The UX of moving house: Part 6 - Officialdom

Martin Belam  by Martin Belam, 12 January 2010

Last week I started posting a series of blog entries based on my presentation "The UX of moving house...with a pregnant spouse". Their main focus was on the online search for a house to buy. Having made a purchase, a huge amount of information has to change hands with various service providers. Again, I tried to do the majority of this using online tools, making notes and taking screenshots along the way of the good, and the bad, in the UX I encountered.

Local council red tape

There is plenty of red tape when you move house, not least informing your local councils that you have left or entered their area in order to pay council tax. Some authorities make it easier than others.

As I was in Muswell Hill I was living in Haringey. From their website homepage there is a clear call to 'Do it online'.

Haringey website 'I want to...' panel

Since I was attempting to pull off this move with the minimum amount of phone calls or physical paperwork that is where I headed. The Haringey site provides an A-Z of online council services, and on the opening page of the A-Z they have a list of the most popular tasks, like reporting fly-tipping, viewing planning applications, and informing the council of a change of address.

Haringey's popular online tasks

In order to let the council know that I was moving out, I simply had to fill in one form. At the other end there was, I guess, some human intervention, and shortly after submitting the details I received an email message saying that the details of my move would now be passed on to the council tax department and the libraries department - the two services that I was trying to contact about my address change.

Haringey change of address form

I was very pleased with that service, but I found registering my new address in Waltham Forest to be much harder.

Waltham Forest website homepage

Firstly, the navigation path was not as clear. Although Waltham Forest has a 'do it online' section, informing the council of a change of address did not feature there. Instead I headed to the A-Z of services. Unlike Haringey, there was no summary of popular services on the opening page, and the list was purely alphabetical.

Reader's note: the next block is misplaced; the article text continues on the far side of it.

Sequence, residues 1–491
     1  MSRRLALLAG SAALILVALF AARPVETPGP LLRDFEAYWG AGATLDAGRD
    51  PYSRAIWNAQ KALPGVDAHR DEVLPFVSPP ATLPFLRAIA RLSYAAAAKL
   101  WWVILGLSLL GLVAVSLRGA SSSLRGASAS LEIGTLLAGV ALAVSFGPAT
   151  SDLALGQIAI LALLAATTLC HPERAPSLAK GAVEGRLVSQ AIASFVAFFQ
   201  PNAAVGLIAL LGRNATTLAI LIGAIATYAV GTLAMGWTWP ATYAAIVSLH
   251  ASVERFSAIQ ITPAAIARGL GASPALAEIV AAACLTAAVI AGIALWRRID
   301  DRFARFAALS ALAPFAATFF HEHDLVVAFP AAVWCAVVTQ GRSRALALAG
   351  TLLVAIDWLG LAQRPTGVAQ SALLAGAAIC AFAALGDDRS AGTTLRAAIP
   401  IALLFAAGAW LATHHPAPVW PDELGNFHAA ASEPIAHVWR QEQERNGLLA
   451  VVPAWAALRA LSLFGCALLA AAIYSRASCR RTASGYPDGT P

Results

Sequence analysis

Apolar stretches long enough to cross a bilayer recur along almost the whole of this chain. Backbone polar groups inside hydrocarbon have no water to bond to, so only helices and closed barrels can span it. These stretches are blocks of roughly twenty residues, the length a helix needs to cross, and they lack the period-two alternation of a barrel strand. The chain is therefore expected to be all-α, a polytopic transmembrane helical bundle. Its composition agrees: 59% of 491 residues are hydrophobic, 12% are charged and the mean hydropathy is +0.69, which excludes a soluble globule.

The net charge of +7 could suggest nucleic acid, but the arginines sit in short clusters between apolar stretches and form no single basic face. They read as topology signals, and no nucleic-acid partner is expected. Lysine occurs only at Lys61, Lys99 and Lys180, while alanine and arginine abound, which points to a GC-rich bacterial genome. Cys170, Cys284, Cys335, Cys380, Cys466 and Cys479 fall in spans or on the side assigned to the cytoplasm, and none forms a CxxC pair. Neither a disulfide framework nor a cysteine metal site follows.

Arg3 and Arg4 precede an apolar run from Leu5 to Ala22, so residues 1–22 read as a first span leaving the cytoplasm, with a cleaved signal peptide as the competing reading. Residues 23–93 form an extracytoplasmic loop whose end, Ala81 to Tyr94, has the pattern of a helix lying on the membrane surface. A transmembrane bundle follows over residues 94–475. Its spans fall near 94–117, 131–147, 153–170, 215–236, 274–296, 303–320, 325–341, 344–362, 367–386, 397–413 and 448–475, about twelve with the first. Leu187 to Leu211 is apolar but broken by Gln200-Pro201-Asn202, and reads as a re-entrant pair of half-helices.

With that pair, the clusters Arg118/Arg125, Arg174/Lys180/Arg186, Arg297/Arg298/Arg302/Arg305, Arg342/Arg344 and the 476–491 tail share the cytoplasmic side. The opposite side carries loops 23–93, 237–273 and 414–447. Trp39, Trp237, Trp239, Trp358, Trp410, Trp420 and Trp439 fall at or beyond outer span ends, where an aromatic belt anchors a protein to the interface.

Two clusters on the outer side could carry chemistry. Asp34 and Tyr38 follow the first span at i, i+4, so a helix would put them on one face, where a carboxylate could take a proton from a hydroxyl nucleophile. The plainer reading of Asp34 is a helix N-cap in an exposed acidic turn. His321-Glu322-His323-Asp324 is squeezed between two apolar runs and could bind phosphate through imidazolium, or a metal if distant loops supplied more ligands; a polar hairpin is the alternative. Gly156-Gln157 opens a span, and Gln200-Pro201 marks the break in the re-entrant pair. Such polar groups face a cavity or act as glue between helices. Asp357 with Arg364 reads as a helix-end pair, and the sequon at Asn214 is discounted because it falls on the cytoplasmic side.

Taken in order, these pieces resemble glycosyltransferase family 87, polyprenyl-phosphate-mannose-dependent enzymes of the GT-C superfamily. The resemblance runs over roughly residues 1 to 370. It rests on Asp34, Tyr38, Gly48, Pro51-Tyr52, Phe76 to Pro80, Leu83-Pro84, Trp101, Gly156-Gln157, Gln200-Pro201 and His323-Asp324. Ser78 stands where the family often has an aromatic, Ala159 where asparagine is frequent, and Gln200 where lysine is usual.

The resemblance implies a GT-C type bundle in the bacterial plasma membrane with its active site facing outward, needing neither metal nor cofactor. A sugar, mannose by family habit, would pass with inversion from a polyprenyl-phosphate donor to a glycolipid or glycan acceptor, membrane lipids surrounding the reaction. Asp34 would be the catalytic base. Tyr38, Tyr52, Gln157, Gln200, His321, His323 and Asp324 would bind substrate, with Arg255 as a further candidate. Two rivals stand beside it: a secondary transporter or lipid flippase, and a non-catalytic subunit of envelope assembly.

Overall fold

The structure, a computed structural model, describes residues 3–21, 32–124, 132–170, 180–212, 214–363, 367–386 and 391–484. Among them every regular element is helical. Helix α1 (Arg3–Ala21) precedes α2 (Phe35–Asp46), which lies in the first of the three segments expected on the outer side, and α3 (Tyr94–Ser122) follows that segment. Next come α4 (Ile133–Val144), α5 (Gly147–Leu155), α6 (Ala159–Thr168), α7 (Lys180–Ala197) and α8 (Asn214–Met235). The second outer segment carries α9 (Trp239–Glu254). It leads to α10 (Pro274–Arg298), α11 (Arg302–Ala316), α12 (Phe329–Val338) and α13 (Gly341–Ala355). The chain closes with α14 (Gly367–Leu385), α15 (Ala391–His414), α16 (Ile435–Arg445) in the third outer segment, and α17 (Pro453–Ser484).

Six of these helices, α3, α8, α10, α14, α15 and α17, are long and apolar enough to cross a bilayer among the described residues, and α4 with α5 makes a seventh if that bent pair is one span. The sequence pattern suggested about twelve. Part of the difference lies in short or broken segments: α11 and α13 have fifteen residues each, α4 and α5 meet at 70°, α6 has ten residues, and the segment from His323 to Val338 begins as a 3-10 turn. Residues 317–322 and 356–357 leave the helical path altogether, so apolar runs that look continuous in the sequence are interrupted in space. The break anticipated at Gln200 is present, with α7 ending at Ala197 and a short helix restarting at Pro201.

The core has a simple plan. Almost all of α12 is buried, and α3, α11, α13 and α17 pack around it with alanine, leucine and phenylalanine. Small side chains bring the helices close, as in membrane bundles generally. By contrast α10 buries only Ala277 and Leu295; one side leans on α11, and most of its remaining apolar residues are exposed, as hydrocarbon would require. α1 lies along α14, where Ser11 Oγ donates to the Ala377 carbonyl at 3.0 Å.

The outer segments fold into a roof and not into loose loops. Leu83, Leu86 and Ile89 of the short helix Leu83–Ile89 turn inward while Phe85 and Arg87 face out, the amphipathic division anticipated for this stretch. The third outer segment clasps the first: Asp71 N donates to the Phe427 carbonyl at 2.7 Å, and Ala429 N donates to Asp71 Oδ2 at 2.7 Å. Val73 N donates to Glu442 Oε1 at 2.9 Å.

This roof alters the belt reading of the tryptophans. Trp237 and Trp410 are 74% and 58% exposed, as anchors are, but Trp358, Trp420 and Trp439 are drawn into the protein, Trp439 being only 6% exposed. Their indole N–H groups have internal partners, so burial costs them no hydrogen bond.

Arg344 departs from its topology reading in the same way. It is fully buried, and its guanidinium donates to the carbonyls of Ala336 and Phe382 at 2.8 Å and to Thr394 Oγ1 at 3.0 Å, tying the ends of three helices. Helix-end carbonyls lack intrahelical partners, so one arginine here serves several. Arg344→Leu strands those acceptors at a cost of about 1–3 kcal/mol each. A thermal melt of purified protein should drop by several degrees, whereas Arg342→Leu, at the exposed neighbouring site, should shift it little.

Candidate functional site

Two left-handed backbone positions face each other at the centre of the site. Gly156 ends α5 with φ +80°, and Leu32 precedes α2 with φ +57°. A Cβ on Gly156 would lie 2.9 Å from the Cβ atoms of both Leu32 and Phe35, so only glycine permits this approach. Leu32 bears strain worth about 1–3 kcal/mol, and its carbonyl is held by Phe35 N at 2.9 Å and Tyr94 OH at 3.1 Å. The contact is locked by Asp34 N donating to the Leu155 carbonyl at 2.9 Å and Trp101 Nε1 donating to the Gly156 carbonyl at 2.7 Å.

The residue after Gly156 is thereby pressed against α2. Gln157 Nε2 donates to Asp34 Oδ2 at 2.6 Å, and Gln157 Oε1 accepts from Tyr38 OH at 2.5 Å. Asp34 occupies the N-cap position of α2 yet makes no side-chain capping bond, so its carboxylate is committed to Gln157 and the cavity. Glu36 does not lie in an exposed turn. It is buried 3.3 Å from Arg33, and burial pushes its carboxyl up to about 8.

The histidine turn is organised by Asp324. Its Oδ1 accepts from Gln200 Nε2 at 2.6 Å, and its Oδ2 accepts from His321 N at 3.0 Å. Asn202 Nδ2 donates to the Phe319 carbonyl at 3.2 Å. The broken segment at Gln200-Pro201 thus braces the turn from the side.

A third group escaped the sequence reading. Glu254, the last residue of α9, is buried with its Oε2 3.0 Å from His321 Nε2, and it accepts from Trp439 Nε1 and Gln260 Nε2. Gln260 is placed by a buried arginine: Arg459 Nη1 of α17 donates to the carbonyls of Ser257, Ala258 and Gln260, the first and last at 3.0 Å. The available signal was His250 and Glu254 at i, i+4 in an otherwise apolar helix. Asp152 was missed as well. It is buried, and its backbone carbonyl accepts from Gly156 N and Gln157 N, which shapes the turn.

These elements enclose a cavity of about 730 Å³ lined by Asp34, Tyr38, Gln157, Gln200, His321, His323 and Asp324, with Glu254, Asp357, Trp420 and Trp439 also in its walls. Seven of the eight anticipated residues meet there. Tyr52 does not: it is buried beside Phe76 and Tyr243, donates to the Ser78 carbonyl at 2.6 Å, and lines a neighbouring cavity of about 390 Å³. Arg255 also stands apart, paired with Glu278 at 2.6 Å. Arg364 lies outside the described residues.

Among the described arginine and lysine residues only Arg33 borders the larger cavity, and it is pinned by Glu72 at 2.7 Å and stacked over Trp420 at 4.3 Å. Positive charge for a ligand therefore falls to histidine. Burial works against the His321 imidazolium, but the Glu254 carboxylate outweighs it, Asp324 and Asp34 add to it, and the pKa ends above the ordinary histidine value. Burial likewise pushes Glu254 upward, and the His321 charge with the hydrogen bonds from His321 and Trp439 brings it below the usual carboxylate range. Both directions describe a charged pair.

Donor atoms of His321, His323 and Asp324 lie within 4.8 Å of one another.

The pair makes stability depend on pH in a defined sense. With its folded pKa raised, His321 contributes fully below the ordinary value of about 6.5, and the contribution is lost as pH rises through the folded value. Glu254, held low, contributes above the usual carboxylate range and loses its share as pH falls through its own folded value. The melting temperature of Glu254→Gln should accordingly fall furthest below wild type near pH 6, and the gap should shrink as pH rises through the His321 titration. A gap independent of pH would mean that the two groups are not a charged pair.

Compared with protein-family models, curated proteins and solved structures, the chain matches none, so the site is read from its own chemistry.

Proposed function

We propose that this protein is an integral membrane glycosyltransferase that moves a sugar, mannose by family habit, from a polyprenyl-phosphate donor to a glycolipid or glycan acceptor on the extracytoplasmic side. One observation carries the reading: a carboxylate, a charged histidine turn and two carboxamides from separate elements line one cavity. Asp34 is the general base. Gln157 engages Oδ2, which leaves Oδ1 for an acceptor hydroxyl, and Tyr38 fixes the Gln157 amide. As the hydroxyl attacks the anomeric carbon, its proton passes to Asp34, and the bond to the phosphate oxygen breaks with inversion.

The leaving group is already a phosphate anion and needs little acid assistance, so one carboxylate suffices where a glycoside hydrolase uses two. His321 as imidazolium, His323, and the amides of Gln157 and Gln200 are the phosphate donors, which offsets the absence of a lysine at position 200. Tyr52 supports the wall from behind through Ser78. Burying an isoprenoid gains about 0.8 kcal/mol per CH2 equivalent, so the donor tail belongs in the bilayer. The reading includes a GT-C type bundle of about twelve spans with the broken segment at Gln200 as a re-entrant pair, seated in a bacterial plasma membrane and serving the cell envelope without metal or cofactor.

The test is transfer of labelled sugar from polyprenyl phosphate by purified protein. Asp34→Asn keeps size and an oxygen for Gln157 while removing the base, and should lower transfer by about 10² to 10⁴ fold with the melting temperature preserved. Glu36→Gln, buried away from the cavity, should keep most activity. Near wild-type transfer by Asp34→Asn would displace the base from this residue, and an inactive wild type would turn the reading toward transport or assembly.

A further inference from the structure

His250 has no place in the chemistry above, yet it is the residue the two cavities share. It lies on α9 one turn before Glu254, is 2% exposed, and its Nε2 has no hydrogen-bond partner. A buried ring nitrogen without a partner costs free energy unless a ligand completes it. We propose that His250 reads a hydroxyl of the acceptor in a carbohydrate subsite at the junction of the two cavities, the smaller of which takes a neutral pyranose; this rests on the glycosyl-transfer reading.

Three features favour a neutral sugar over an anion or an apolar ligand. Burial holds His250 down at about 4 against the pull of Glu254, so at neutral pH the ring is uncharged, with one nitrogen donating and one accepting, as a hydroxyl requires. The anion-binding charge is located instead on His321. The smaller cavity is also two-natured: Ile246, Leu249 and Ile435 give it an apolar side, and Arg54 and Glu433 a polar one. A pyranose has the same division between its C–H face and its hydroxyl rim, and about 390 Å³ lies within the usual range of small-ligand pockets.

Waltham Forest A-Z of service

'M' for 'moving house' did get me further along with my task. Waltham Forest has partnered with iammoving.com to help residents deal with the tedious form-filling associated with changing address. I generally approve of this kind of thing. I'm happy to see that council tax has not been spent on re-inventing a wheel. [1]

I Am Moving Homepage

Sadly, the promise of being able to use this service to register with the local council did not live up to the happy image on the homepage. Having selected Waltham Forest as the organisation I wanted to contact, I filled in the information form as best as I could, with my old address and my new address.

I Am Moving form to submit change of address to Waltham Forest

Unfortunately, upon submission, I found I couldn't register that I'd moved into Waltham Forest, because I didn't already have a customer number.

I Am Moving form submission error

Now, I used to show this 'process diagram' in presentations to illustrate just how complex the BBC was - it represents the systems publishing just one small part of the BBC website in one department.

BBC new media process map

I'm not suggesting that every web transaction needs this amount of detail worked out, but you do need to work through your primary use cases. For Waltham Forest Council, they surely consist of:

  1. Someone moving between addresses within the borough
  2. Someone moving out of the borough
  3. Someone moving in to the borough

Given that one of these user journeys totally and utterly fails - you have to wonder at the extent to which this implementation was tested at all.

Next...

So far this series has tended to concentrate on negative user experiences when trying to use digital tools to support a move of house, and in the next part it gets worse, with an astonishing amount of poor customer 'service' from Sky.

[1] I also found the iammoving.com homepage very welcoming. Look at the woman in the picture. She hasn't finished unpacking the boxes she moved house in, but has already hooked up her wireless router, and is surfing the Internet on her laptop. If I wasn't already married, I would seek out this woman at once. [Return to article]

4 Comments

Oh my god! I can really see all the hard work you've done around here! I find it very difficult to look for a house online, however it isn't a bad way.
And that 'process diagram' O.O incredible, it's soooo messy.

I've found, depending on the city, their webpages can be so confusing or so clear. I wish more government sites allowed you to do simple things like inform them of your move, contact regarding garbage programs, pay your water bill, etc. Where I live currently, you cannot pay your water bill online, but it's a city service!

I must remember when I next move house - it's kettle, tea bags, router.

Unless she's leeching off someone elses wifi...

the customer number should only be mandatory for a customer moving out of waltham forest and not into it.
checking our service this is the case so i am unsure as to why this has happened on your use of the site.
www.iammoving.com has provided a free, data protected online change of address service to the public since 2000 and is used by many u.k. councils as it gives the mover an option to notify not only all local authorities but also 1500 other organisations including utilities, charities etc that they have moved.

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